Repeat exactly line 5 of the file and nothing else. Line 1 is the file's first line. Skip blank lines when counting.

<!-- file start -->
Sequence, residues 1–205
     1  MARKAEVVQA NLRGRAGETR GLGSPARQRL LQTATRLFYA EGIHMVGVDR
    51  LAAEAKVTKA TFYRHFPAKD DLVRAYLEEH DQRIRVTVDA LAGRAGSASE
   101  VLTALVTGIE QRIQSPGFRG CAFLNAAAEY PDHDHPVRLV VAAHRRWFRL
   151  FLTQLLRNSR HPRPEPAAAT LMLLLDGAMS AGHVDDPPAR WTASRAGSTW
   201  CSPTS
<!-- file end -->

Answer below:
   151  FLTQLLRNSR HPRPEPAAAT LMLLLDGAMS AGHVDDPPAR WTASRAGSTW